The advocacy group Shout Out UK holds a mock election at a community college near London earlier this month. (Fred Gagnon/CBC)

  

Corbyn is offering — whether the U.K. stays in the EU or not — a more socialized country, with redistributed wealth, more nationalized services, such as railways, and likely higher taxes.

He has promised to negotiate a new deal with the EU and put it to a final, in-or-out vote in another referendum to settle the Brexit question once and for all — though Corbyn has said he would officially stay neutral.

‘Oven ready’

The election is clearly Johnson’s to lose and his tightly scripted, take-no-chances final day reflected that.

Stopping at a bakery in Derby, north of Birmingham, and wearing an apron, Johnson put the last bit of pastry on top of what he called “an oven-ready Brexit pie.”

“This is the perfect metaphor for what we’re going to do in the run-up to Christmas if we can get a working majority,” he told the media, suggesting the Brexit deal with Europe is set to go as soon as the election is over.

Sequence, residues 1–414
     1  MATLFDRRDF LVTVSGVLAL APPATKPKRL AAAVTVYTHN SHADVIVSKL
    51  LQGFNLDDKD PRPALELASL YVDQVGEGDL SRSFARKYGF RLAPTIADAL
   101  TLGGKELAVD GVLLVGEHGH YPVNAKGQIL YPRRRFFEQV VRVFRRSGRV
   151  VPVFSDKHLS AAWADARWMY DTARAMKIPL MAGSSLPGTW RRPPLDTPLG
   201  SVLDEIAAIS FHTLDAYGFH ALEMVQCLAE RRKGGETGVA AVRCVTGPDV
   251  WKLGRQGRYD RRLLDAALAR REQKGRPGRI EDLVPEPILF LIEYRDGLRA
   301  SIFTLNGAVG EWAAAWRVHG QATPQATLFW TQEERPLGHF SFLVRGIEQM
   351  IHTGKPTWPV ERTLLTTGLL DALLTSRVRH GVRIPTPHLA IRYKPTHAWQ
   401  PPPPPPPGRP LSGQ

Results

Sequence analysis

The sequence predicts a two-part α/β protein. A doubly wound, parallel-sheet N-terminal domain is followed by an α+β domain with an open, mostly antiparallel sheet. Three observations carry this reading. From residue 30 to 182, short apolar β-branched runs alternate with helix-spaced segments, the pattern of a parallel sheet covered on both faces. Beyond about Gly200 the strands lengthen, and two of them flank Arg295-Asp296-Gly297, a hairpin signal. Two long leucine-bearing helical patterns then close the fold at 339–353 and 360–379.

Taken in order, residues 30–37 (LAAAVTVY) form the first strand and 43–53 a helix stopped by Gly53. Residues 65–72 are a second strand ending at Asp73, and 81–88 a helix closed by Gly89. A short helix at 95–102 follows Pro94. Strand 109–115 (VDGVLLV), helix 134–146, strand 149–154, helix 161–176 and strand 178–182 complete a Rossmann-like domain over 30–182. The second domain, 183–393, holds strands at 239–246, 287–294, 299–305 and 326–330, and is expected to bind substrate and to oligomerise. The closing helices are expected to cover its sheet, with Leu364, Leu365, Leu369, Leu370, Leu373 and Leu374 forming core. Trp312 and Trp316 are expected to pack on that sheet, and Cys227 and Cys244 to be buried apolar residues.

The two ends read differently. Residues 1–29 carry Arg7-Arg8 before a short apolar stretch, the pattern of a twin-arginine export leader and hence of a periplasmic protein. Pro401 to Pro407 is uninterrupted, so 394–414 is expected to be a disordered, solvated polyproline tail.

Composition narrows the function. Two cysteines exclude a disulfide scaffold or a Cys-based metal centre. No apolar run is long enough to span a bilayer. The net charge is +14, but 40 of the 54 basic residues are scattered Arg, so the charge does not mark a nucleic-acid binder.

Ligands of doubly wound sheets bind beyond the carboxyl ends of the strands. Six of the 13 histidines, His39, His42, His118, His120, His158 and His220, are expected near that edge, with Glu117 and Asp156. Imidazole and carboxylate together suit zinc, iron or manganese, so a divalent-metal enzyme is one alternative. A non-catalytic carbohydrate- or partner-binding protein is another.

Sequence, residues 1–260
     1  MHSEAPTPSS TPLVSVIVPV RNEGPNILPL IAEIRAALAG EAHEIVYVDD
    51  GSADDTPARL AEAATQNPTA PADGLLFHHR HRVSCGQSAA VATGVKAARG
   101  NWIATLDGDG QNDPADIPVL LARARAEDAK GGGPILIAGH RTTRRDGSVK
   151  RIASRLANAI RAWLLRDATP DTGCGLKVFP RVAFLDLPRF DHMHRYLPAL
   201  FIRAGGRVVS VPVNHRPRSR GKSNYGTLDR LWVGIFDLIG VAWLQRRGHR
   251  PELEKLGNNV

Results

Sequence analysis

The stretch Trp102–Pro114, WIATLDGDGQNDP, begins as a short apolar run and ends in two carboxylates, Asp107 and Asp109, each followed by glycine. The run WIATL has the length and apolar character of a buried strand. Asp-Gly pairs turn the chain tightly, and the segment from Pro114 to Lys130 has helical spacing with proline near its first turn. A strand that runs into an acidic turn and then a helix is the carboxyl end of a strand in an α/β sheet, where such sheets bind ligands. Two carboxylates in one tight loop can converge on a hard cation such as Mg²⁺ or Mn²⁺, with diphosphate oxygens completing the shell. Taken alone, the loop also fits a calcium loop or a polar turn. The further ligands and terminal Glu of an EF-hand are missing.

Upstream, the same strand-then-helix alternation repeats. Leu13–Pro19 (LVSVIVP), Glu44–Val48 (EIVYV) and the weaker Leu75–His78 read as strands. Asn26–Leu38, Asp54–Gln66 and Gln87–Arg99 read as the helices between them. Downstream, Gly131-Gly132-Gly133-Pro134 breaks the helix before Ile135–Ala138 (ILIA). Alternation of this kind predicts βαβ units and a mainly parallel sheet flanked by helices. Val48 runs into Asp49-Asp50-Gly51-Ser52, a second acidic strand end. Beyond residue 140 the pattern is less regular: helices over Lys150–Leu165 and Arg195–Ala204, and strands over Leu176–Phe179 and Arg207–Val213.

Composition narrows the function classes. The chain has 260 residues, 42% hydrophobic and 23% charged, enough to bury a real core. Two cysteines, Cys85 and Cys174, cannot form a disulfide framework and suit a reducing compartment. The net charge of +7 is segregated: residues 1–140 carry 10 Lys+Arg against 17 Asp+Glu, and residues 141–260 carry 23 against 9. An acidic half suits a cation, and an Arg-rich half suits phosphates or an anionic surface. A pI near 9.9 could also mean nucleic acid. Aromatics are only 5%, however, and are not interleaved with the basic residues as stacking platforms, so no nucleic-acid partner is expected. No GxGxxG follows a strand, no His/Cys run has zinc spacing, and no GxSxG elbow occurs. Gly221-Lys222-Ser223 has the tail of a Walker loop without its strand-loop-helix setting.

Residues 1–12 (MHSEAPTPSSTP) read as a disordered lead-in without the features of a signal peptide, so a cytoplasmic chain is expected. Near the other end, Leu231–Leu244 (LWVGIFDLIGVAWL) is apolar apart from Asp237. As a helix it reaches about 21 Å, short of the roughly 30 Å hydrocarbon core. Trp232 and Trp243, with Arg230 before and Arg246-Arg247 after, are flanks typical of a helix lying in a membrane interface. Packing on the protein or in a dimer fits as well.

Conservative Leader Boris Johnson prepares a pie during the final day of campaigning before the general election. (Ben Stansall/Pool via Reuters)

But Johnson’s constant downplaying of the potential difficulties of navigating a post-Brexit landscape has some observers suggesting the election has been notable more for its lack of truthfulness than anything else. 

“The quality of the discourse around this election has been absolutely appalling,” said Matteo Bergamini, who heads up Shout Out UK, an advocacy group that goes into high schools and colleges pushing for political literacy and against misinformation.

Political misinformation

Bergamini said one of the worst examples was when the Conservative campaign headquarters changed the name of its Twitter account to Factcheck UK, making it difficult for social media users to tell the difference between a partisan account and a supposedly independent one.

“The parties are trying to manipulate voters, as opposed to what democracy should be about, which is, ‘This is what we stand for’ and ‘This is what we’re about,'” he said.

Another key feature of the campaign has been the strong focus on the party leaders and their personal characteristics, with very little mention of the potential teams of MPs behind them.

“For a British election, it’s been an extremely presidential style of campaigning, on both sides,” BBC political editor Laura Kuenssberg told Radio 4 on Thursday.